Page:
How can banks quantify physical climate risk? “We see a growing suite of tools available,” said Raizman. “We can broadly divide these into two categories: catastrophe models and climate models. Catastrophe models are the primary tools the insurance industry has leveraged to price and manage risk over the past 35 years. They’re designed to tackle a small data problem characterized by low-frequency but high-severity events that pose material threats to solvency.”

Climate modeling typically starts with downscaling global climate models. Such modeling is best at understanding the effect that chronic impacts such as droughts, extreme precipitation, wildfire weather, extreme heat, and extreme freeze risk will have on future time horizons and under climate scenario trajectories.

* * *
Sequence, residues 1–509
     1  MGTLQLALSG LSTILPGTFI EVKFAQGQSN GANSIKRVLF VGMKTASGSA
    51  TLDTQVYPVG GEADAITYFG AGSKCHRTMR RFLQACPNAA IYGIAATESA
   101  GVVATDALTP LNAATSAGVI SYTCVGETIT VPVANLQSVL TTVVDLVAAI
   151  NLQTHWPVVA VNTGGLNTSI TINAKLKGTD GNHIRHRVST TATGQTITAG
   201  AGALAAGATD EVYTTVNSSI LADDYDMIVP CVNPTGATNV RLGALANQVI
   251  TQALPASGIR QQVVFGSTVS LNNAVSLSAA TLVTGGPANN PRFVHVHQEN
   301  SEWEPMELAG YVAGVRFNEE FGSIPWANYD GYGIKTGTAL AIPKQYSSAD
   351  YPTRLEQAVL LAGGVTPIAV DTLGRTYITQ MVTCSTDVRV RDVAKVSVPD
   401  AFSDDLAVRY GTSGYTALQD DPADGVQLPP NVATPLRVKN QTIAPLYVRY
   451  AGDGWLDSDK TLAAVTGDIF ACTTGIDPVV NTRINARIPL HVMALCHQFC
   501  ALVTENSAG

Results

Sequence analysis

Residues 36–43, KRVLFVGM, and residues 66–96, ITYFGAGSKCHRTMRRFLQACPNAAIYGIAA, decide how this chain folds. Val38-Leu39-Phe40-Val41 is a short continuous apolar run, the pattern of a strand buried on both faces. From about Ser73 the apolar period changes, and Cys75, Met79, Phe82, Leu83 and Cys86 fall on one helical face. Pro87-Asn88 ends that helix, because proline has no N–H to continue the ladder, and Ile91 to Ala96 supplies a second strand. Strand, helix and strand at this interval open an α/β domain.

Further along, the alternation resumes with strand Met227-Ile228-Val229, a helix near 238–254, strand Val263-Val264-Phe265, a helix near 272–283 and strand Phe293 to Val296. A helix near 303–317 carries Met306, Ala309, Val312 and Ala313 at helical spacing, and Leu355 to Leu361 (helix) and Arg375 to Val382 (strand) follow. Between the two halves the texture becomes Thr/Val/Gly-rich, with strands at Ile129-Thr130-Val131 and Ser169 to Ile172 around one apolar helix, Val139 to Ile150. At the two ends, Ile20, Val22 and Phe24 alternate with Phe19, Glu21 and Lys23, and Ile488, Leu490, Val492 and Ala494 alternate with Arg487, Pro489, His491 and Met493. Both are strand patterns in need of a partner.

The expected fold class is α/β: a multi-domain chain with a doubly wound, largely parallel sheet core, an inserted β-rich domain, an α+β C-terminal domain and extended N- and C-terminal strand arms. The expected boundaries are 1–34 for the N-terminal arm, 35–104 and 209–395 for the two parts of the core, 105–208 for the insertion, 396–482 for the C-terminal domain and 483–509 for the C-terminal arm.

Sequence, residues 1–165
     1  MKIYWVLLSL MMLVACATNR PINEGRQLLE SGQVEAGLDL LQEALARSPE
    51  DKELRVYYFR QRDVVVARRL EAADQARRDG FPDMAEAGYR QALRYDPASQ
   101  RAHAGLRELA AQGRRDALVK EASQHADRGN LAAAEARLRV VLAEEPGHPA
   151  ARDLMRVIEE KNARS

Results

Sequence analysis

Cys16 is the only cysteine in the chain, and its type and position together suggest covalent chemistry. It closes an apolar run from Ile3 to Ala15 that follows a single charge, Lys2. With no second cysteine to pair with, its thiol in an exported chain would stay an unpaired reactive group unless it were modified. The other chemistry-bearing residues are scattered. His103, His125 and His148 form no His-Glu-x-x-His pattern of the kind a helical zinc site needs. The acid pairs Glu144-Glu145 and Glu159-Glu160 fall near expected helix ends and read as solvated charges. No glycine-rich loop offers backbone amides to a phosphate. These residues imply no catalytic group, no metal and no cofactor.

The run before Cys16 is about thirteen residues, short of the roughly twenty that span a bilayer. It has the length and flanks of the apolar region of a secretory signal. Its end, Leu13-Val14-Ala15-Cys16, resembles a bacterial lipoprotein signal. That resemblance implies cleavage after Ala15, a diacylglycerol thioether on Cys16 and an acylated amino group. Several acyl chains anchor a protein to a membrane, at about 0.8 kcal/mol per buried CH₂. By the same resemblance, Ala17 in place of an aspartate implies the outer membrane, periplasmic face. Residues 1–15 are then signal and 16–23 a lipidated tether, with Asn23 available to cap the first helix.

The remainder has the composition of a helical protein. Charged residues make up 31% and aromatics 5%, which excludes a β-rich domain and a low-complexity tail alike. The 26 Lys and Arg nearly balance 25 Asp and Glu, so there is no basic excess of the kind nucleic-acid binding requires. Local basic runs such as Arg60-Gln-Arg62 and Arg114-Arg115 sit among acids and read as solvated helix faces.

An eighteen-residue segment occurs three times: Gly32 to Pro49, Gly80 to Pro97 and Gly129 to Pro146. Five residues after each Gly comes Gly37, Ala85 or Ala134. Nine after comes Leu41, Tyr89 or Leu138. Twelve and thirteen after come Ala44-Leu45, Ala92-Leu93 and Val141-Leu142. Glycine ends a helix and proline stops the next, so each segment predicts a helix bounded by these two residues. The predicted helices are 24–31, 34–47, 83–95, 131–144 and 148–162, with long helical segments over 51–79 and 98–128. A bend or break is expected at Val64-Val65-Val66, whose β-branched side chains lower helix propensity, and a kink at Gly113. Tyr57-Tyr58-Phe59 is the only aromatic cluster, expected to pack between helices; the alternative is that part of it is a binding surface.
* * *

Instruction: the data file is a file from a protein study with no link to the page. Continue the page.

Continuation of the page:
“We have seen that the most benefit comes from combining the methods and insights of the two approaches when forecasting acute perils and how the climate could impact extreme event activity, such as tropical cyclones, wildfires, and floods,” Raizman said. “Some banks opt to develop their own solutions internally, but primarily they’re relying on vendors.”

For bank analysts, one task at hand is to take the climate models and translate them into how future events could play out in terms of credit losses or operational risk events. For example, it’s anticipated that the financial strain of hurricane and wildfire damage will cause some property owners to default on their mortgages.